In February 2014, we took our daughters back to Ethiopia for the first time, since their adoption in 2009. This is one of many blog posts we have written about our family’s homeland trip. I also go to Ethiopia every year with our charity, Vulnerable Children Society, so there are additional blogposts from my trips to Ethiopia to enjoy!
Over the past week, it’s been fascinating to see the girls adding mannerisms and language, to embrace their Habesha-ness.
On the road, in the van, instead of arguing,
They, with a bit of a smirk, yelled at each other,
The girls have also been trying to integrate the yes and no gestures back into their bodies’ vocabularies. The raised eyebrows indicate yes, and the shoulder shrug indicates no. Usually, the only time we saw this at home was if they were super tired or super surly… Then we would see the barely perceptible shoulder shrug.
But in Ethiopia, they are trying to start using the gestures again. With Spice, it’s subtle, but with Sugar, it’s almost comical. She refuses to say yes; instead, she opens her eyes super wide and raises her eyebrows dramatically to the heavens. It’s super cute, honestly. The are still working on picking it up from others, though…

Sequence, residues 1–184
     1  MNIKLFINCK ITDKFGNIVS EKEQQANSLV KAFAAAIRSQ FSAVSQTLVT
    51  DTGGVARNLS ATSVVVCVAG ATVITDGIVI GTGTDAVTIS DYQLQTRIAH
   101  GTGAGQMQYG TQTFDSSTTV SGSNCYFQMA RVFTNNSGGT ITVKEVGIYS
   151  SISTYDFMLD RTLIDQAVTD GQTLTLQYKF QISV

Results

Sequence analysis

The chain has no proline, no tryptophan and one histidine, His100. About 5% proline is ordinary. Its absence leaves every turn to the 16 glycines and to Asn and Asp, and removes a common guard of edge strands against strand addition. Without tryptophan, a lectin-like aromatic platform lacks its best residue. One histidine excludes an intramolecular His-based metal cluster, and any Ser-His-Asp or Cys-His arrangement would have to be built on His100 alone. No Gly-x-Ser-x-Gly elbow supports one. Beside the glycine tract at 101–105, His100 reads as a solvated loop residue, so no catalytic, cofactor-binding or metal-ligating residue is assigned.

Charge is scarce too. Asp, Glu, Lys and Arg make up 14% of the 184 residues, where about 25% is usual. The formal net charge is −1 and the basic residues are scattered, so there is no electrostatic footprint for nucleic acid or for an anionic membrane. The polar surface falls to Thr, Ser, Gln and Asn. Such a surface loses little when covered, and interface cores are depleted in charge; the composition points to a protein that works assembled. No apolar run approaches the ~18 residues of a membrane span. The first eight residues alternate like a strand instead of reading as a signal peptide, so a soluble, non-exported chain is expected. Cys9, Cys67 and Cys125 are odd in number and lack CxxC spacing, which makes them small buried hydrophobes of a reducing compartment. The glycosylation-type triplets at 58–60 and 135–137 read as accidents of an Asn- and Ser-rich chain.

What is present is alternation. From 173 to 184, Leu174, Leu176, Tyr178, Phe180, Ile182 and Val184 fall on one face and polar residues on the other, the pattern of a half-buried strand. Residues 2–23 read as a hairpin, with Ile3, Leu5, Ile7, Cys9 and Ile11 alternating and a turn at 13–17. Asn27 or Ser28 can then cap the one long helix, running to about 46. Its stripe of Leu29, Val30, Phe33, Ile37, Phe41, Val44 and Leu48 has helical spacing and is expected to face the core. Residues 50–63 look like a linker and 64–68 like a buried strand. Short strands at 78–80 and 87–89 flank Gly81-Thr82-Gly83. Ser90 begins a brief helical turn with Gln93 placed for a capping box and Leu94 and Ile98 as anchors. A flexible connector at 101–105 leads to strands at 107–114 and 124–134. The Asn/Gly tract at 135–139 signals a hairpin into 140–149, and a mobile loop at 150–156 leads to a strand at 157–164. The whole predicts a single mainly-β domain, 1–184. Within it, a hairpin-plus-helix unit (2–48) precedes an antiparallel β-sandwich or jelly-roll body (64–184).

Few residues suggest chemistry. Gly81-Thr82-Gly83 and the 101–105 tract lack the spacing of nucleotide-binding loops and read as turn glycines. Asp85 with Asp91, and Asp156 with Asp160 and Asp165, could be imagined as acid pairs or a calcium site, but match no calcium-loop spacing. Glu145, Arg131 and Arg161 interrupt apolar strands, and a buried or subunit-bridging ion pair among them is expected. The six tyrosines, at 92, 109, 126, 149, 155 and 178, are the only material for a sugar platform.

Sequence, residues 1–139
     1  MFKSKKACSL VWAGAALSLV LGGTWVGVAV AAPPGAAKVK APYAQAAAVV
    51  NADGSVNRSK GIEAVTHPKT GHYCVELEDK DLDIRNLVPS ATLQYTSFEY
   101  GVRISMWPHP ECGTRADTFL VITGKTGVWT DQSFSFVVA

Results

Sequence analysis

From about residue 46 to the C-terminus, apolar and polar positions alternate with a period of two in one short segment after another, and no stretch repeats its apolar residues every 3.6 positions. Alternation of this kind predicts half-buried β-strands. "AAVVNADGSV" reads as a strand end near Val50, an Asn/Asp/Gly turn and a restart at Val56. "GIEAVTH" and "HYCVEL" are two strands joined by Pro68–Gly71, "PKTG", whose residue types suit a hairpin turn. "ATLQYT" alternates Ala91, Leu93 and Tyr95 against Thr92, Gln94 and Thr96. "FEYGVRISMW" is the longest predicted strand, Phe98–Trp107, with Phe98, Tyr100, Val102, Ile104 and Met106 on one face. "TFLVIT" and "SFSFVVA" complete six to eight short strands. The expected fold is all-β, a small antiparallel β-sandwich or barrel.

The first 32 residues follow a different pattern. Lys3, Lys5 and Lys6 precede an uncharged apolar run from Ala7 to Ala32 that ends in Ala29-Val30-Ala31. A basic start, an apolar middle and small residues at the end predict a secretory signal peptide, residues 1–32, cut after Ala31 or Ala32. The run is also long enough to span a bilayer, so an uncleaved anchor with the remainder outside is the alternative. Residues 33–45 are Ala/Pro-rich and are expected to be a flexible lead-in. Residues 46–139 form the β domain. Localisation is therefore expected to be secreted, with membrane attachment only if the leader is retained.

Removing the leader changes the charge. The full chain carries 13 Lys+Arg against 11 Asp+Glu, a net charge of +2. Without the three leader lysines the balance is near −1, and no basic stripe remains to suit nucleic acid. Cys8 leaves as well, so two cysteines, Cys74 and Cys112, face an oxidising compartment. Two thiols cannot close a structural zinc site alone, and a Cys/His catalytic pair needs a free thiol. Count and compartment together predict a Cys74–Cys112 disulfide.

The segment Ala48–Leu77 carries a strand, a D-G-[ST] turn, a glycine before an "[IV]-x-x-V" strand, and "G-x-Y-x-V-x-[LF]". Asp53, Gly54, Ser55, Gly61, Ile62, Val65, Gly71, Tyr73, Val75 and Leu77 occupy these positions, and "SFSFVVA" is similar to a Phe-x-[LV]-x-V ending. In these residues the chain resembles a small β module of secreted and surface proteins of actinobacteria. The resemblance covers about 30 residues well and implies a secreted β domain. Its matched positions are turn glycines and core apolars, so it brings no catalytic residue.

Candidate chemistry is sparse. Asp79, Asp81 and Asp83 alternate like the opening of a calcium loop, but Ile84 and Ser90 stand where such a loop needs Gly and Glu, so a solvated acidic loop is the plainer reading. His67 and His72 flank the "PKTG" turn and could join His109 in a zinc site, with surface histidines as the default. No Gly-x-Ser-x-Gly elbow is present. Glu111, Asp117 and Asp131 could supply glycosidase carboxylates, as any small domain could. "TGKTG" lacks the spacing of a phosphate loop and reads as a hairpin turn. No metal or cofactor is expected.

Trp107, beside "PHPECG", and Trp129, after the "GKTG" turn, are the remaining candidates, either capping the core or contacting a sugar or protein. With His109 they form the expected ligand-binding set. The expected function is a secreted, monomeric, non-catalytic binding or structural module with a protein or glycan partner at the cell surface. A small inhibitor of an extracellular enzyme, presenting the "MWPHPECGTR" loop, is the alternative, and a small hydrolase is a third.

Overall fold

I can understand a lot of Amharic, especially around the topics of family and home. I also have collected probably at least a hundred words in my travels. So all the Amharic the girls know is from me. They haven’t ever really used it, though, until this trip. Mainly, their vocabulary is around all the animals, which is their favourite topic of conversation in any language. They’ve also been learning the numbers, and a few bits of small talk.
These are small bits of progress, but it’s delightful to see. Over the past few days, they have been feeling more and more at home. They really don’t seem to care if their vocabulary is limited; they feel like they belong.